Evolve is an online multiplayer team hunting game, or an asymmetrical multiplayer game. The idea is that you work as a team of four to hunt a monster, or as a monster to defeat the team. You do this across a variety of maps, which are essentially alien landscape arenas with some vestige of humanity.

As the monster you walk around these arenas eating things so you can evolve your powers of destruction, and kill your hunters/destroy objectives. As the hunters, each of you has a dedicated role: Beat the crap out of the monster, trap it, shield everyone and call air strikes, or heal the idiots who just charge far away from you. You then stop the monster by death or by preventing it from completing its objective within the allotted time.

The problems I had are these: I worried that the game was too reliant on its online component (something that was a complete failure during the PS4 alpha for various reasons) and that not enough people would be interested. I was worried that the game wouldn’t have enough to do in it for it not to become ultra repetitive. I was also worried that the console versions would become very redundant very quickly. Leaving the game to the PC market only, and even then to dedicated people, and that it didn’t have the longevity of the Left for Dead series, Turtle Rock’s previous ventures.

What I have found when looking at other reviews is that people have completely misunderstood a lot of the information surrounding the game. There are massive criticisms from users on Metacritic and Steam over microtransactions. This needs addressing, as at present there is absolutely nothing in this game that is behind any kind of pay-wall to allow you to play it fully. The only thing that could be counted as such is a special edition monster only available to certain packages. There are many downloadable skins available for the game. That’s it. That will undoubtedly change with further DLC but the game isn’t requiring it in order to play, nor is there any pay to win solutions.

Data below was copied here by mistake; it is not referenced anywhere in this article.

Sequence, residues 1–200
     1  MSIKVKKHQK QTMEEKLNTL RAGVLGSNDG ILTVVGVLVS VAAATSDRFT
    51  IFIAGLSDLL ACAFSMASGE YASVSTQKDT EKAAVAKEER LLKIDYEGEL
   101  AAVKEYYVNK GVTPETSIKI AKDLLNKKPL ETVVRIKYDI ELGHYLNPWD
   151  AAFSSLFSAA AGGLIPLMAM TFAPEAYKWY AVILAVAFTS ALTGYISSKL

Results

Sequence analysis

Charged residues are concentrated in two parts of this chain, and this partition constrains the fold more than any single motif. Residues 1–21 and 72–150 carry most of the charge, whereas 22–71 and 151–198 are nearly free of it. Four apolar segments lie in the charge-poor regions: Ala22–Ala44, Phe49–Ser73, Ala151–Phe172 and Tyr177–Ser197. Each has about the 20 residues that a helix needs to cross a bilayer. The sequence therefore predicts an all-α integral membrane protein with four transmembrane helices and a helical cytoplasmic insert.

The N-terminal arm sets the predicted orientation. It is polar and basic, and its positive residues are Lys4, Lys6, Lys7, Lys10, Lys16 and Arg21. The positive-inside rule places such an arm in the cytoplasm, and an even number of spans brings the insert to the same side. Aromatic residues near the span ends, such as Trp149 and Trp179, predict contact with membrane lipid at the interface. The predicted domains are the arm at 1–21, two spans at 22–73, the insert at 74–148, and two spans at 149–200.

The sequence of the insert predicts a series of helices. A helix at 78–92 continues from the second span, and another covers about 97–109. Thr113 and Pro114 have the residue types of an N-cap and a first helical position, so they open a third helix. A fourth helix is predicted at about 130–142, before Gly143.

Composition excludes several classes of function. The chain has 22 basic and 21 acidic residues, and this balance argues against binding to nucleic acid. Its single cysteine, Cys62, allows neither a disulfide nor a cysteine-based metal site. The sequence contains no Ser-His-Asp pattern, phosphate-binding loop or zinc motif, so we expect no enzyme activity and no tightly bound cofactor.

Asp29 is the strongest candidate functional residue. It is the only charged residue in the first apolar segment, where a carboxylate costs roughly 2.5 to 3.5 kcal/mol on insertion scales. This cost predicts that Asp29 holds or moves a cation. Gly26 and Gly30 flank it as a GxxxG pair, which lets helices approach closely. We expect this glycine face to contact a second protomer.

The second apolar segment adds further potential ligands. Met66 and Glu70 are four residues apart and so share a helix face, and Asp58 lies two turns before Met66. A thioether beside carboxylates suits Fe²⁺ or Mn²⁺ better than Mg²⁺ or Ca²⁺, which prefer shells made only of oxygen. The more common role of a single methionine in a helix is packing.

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[“Do you think this’ll make the Hunters Calendar next year?”]

From what I can tell so far, the problems for the PS4 that were apparent in alpha have been resolved. The game has some pretty decent matchmaking that doesn’t leave you hanging around too long. It was the top selling game in the UK last week too, so there’s obviously people playing it. There are offline elements but the need for people to be playing the game, so that you can get the best experience, is evident. However there are ways that the game tries to overcome this people quota issue.

In fact, it takes a leaf out of classic PC FPS gaming. I feel the game becomes quite similar in this regard to things like Quake 3 Arena and Unreal Tournament, although given the developers PC pedigree it’s hardly surprising. If there isn’t enough people then the game will put in bots – AI controlled characters – to fulfill the roles. It’s quite clever in that it will help keep the online game alive even if it hasn’t filled up with actual players. It also makes up the majority of the solo play as well. Plus the AI isn’t ludicrously stupid for either you or the monster. It’s nowhere near the excitement of playing with other humans but it will do while you’re waiting for them.

This is where Evolve is at its best though. When you have a full party of people who know their roles and can communicate via chat, this game is a tactical masterpiece. The monster is a wild card and getting things exactly right is incredibly rewarding as an experience. Sadly it is rare that it occurs at the present moment. I’ll come on to the characters themselves but the way that people have been playing the game, in my experience, is very console specific in the run-and-gun style. Which can make games a tactically inept cat-and-mouse chasing simulator. If the console audience is ready to adapt their style of play and ability to communicate better then this game would truly be revolutionary. Unfortunately I still haven’t fully experienced that yet.